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Dams are critical for reliable energy grid in Pacific Northwest

Capital Press commentary    Newhouse represents Washington’s 4th Congressional District and serves as Chairman of the Congressional Western Caucus.

“Isolated interruptions in electric service can have catastrophic health and economic consequences. A robust and reliable electric power system is therefore not only a basic human necessity but is also critical to national security and defense.”

It is not often that I agree with President Biden, but his words declaring an electricity emergency ring true to all of us in the Pacific Northwest and across the United States. Americans are facing record-high energy costs due to a Green New Deal agenda, and our nation’s electric grid is at risk. Fortunately for our region, we have an example of reliable, clean, and renewable energy right here: The Federal Columbia River Power System.

Last week, I was proud to lead a delegation of Congressional Western Caucus Members from across the United States on a tour of the Columbia and Snake Rivers, as well as the Ice Harbor Dam. We learned about the benefits the dam system provides for Central Washington, our region, and the nation. In addition to the incredibly important role the dams play for our state’s economy and agriculture industry, we learned about the generating capacity the dams along these powerful rivers have to provide clean, renewable, and affordable energy for our homes and businesses.

In Central Washington, we enjoy some of the lowest electricity costs in the country — even as the Biden administration’s actions result in grid insecurities and rising gas prices. The dams along the Columbia and Snake rivers have contributed greatly to the stability of our region’s electric grid, which ensures that Washingtonians enjoy a stable and abundant supply of affordable power. We even send excess power to states like California, whose leadership has already dismantled baseload energy resources in exchange for unreliable intermittent sources like wind and solar, causing communities to experience energy shortages and “brown outs.”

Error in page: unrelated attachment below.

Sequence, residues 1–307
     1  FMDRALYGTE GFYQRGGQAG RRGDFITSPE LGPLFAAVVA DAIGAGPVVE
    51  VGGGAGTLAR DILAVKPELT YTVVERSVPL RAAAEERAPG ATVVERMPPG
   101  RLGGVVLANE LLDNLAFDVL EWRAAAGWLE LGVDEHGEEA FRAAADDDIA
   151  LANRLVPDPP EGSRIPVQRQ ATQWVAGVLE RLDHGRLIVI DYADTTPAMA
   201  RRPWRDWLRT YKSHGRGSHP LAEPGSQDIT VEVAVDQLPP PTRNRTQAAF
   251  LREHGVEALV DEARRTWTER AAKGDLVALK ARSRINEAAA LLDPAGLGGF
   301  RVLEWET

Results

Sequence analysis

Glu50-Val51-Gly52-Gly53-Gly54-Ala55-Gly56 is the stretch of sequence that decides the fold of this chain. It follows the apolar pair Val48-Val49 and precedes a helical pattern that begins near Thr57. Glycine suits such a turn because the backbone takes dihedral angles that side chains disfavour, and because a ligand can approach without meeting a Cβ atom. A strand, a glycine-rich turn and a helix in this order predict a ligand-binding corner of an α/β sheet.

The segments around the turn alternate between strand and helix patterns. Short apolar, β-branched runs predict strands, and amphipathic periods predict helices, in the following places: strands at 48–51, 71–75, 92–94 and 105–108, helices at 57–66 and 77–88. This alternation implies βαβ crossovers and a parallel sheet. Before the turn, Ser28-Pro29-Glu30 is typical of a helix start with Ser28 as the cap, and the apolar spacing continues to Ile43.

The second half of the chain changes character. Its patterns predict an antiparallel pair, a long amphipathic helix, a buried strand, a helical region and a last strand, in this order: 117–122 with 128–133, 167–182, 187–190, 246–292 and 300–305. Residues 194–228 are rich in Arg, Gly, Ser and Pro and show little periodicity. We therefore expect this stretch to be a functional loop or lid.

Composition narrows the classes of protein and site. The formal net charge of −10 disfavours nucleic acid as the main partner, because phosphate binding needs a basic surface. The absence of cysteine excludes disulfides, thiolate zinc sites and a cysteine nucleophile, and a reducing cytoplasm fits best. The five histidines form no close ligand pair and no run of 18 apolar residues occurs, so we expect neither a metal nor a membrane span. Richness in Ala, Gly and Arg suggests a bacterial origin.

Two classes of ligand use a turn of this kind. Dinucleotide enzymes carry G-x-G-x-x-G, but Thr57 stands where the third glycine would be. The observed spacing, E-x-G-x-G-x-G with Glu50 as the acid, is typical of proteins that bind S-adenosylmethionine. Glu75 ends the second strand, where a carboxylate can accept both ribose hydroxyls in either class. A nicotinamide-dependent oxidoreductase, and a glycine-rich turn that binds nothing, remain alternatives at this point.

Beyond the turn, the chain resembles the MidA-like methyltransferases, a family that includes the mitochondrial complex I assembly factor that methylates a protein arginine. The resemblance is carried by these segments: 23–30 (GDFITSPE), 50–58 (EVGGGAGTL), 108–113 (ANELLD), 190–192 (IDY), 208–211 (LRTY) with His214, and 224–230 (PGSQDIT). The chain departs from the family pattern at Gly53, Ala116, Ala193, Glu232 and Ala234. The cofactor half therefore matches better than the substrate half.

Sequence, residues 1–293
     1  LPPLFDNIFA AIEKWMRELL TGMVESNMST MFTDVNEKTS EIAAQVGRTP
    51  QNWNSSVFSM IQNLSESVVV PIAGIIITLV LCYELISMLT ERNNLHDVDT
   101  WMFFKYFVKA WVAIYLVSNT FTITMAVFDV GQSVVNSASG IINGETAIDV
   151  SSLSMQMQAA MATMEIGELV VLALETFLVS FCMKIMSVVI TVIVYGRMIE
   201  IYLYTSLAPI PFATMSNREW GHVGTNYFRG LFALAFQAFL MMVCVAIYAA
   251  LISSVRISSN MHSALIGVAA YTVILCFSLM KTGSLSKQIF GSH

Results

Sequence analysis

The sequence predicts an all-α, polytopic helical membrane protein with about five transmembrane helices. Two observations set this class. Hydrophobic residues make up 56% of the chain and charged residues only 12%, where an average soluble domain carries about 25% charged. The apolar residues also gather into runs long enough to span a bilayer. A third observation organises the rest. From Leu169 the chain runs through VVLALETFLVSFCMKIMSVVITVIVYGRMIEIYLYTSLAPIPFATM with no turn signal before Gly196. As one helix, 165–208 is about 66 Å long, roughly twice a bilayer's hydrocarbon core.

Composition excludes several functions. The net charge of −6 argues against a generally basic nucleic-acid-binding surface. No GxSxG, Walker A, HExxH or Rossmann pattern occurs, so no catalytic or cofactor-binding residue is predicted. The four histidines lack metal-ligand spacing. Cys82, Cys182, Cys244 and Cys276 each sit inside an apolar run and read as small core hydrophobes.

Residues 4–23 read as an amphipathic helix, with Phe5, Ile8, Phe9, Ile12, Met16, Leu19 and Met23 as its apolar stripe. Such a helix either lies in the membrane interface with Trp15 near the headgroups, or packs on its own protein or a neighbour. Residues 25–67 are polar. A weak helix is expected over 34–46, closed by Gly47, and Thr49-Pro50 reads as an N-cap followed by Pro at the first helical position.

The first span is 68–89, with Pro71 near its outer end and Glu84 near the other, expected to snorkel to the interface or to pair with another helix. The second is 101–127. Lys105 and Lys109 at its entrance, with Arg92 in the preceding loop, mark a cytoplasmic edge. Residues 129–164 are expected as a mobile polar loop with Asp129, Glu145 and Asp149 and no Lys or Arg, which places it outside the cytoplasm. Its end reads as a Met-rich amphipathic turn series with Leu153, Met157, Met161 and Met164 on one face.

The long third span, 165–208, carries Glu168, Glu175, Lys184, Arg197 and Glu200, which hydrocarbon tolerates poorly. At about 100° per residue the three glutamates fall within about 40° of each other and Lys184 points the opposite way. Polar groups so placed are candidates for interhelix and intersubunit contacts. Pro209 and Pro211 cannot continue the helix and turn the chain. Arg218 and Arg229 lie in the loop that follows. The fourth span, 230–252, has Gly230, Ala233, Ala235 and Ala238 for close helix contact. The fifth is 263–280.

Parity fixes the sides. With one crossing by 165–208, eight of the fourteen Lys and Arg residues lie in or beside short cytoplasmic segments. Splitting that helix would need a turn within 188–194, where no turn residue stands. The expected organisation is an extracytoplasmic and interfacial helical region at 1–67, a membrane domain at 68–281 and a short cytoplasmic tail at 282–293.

Unfortunately, dam-breaching advocates — including Governor Inslee and Senator Murray — want to tear them out, arguing that in order to protect native salmon species, we must eliminate the Pacific Northwest’s most reliable source of renewable power.

Their conclusion is false. As U.S. Army Corps scientists, Pacific Northwest National Laboratory researchers, and other local experts demonstrated during our tour last week, dams and fish can — and do — co-exist. Our dams have a 96-98% fish passage rate, and the technologies being deployed at Ice Harbor are serving as a model for hydropower dams all over the world. In fact, the latest comprehensive review of the dam system by federal scientists concluded that breaching the dams would do more harm than good for our region, and there is no scientific evidence that removal of the dams would improve salmon recovery.

This week, I introduced the Federal Columbia Power System Certainty Act to ensure that operations of the dam system along the Columbia and Snake Rivers are conducted in accordance with the best available science as they continue to provide the carbon-free, baseload energy our state and region depend on.

The impacts of this administration’s failed energy policies have now, quite literally, resulted in the declaration of a national emergency, and if we are going to address our nation’s electricity shortfalls, we must support and promote hydropower. That support must include the Columbia and Snake River dam system, which has the capacity to generate enough electricity to power every major city in the Pacific Northwest.

Hydroelectric dams play a critical role in the diverse energy portfolio we need to build a stable and resilient energy grid. And, as we saw firsthand on our field tour, Central Washington is embracing an all-of-the-above energy portfolio that benefits rural communities, agriculture producers, local economies, and — importantly — our environment.

I will continue to work in Congress, through my role as Chairman of the Western Caucus and as a Member of the Energy and Water Appropriations Subcommittee, and alongside the countless leaders and partners throughout our district to defend our dams and support a robust energy grid that will meet our nation’s electricity needs.



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